NEW YORK, NY – Check out the first Get Out the Why video submission! Jacob Wheeler caught up with Representative Keith Ellison (DFL-MN) to ask why we vote on Tuesday?
Although Rep. Ellison supports moving Election Day to the weekend, he did not know the answer. In all fairness to the Congressman, most people have no idea why Election Day is on Tuesday.
Some background. Rep. Ellison represents Minnesota’s 5th congressional district. He is a member of Minnesota’s Democratic Farmer-Labor Party. When Rep. Ellison took office in 2007, he became the first muslim to be elected to the United States Congress and the first African-American elected to the House from Minnesota.
Thank you for the great video, Jacob Wheeler! Keep asking the tough questions!
U.S. Representative Steve Israel (D-NY) and I sat down yesterday in Washington, D.C., and he soon thereafter became the first member of Congress to report as a Why Tuesday? correspondent! Watch the video for our chat, and his report. (more…)
Well, we can add yetanothername to the list of 2008 presidential candidates that we’ve asked why we vote on Tuesday. We just got an e-mail from Harvard University senior Jake Levine, who was on the case last week, snagging two big-time interviews in the Boston area with Senator Barack Obama (D-IL) and Representative Barney Frank (D-MA). It turns out neither knows why we vote on Tuesday, but both like the idea of weekend voting.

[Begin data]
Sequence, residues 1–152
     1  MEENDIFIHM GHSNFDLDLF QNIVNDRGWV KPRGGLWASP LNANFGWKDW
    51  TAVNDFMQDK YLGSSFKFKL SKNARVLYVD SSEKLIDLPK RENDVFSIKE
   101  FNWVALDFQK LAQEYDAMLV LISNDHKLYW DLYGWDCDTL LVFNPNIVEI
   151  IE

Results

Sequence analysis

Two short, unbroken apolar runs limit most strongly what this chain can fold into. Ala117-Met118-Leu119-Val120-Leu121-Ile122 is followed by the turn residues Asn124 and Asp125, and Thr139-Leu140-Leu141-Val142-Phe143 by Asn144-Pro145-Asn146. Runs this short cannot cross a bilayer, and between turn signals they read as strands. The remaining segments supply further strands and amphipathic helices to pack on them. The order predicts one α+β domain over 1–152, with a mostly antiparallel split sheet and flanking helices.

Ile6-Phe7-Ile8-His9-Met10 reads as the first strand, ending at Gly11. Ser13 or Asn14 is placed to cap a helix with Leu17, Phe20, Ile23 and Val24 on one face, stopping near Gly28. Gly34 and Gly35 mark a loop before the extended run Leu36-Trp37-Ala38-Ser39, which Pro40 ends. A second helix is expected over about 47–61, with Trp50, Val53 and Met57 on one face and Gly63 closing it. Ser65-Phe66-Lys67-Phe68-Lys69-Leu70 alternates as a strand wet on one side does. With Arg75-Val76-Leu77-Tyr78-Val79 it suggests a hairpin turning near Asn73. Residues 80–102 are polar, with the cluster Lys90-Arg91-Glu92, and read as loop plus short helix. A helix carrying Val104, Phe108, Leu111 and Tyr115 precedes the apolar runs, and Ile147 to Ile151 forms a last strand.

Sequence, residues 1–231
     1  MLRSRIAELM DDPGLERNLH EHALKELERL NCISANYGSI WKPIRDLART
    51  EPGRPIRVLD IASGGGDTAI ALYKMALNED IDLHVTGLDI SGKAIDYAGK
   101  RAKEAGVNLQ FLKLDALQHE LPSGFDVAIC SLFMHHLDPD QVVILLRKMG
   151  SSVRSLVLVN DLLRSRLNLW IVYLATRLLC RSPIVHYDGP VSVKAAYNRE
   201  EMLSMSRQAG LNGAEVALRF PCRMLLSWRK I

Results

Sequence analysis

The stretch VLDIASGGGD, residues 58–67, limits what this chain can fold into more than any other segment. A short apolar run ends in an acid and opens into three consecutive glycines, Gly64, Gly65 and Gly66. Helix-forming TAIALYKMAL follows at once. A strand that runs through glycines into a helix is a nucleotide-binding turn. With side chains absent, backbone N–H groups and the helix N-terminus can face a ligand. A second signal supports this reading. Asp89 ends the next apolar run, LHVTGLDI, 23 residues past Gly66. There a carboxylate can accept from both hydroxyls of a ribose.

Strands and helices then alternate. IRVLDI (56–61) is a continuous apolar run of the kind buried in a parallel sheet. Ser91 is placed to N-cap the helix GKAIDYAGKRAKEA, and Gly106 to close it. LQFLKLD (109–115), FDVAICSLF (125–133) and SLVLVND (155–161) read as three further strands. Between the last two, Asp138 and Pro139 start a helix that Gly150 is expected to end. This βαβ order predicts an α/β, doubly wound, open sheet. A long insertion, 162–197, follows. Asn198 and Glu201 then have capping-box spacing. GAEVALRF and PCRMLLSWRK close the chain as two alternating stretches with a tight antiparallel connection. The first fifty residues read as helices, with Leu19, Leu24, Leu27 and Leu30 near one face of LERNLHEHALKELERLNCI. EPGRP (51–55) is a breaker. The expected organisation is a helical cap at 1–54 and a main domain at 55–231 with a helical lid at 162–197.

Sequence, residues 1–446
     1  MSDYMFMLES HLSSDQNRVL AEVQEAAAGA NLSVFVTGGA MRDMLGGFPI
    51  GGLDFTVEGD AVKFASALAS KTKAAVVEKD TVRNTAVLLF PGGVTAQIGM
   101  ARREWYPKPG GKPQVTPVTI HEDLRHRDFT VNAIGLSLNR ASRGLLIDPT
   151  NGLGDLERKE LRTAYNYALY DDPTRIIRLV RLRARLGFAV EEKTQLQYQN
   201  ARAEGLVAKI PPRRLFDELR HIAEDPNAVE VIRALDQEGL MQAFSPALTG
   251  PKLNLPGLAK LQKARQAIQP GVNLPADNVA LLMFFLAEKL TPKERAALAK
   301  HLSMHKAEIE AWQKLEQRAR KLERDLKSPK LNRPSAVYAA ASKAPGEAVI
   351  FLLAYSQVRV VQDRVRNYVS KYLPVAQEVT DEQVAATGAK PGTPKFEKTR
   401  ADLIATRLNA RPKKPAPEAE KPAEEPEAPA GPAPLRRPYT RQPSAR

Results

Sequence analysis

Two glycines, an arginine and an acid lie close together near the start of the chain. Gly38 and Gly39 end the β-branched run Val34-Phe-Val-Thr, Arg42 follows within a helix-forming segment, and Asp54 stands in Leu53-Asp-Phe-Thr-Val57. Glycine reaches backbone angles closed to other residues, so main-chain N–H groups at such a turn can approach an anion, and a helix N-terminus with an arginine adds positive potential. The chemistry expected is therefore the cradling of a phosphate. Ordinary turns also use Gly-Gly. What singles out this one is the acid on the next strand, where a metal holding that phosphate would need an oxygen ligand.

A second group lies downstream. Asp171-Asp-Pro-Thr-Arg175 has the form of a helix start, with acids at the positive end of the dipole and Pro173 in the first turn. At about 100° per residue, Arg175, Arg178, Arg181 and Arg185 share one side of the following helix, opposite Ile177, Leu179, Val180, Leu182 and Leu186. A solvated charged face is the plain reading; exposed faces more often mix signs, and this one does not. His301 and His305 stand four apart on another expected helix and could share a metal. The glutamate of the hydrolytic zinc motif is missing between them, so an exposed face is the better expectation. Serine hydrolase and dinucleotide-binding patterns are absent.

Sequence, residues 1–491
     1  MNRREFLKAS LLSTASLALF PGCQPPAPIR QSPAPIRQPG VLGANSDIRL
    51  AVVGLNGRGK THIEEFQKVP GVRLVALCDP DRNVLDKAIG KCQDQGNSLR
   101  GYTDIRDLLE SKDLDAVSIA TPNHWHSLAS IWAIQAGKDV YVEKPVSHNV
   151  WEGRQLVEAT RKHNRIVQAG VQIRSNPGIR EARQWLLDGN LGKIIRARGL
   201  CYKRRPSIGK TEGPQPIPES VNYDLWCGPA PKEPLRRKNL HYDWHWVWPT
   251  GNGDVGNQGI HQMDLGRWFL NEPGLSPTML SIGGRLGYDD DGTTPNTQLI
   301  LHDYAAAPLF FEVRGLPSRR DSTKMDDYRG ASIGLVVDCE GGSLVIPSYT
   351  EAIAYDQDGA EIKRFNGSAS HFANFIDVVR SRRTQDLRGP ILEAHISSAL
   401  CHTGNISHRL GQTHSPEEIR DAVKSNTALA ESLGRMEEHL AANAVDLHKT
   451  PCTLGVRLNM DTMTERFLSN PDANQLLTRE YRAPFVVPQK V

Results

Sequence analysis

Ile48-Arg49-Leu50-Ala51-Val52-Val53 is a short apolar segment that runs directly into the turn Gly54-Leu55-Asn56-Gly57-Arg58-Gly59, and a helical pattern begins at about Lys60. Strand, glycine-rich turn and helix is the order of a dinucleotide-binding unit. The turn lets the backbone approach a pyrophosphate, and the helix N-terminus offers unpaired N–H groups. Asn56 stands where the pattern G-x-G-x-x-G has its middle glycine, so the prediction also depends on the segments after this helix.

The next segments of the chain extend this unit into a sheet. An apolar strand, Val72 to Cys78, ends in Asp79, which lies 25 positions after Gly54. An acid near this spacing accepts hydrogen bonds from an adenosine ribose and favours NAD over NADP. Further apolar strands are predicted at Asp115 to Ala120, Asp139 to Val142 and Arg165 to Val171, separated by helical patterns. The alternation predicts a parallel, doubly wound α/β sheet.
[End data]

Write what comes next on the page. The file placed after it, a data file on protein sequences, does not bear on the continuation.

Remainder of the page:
Levine caught up with Obama as he was leaving a rally at the Boston University Agganis Arena. He e-mails that he had some camera phone technical difficulties during his Obama interview:
Unfortunately, the thing only takes 15 second videos at a time, and the sound is hard to pick up. This is what it missed: Obama thinks elections should be on a weekend. And he insists that they are traditionally held on Tuesdays because it is a state’s decision and each state has decided to be consistent with Tuesday.
Senator Obama raises an interesting question: what can individual states do to help increase voter turnout? Today 35 states allow people, without any explanation, to vote in-person or by mail over a wide variety of dates ranging from 15-31 days prior to the election. But the root of the problem, as you may know, is that we vote on Tuesday because of an 1845 federal law that was passed when 80% of Americans lived on farms. At the time it could often take a day or longer to get to the polls, and Congress did not want this travel to conflict with days of religious observance, which left Tuesday and Wednesday. Wednesday was market day. So: Tuesday.
In the second video, Congressman Frank says he has “no idea” why we vote on Tuesday, but his “intuitive answer [to the question] is let’s do it on the weekend.” Levine said this interview was a little easier to come by, and more intimate:
… there were none of the usual photographers, security, or nuisance that usually comes along with a high-profile speaker at the Kennedy School or other function. So it was easy in that sense to get ahold of the Congressman, and I think he was more than happy to talk.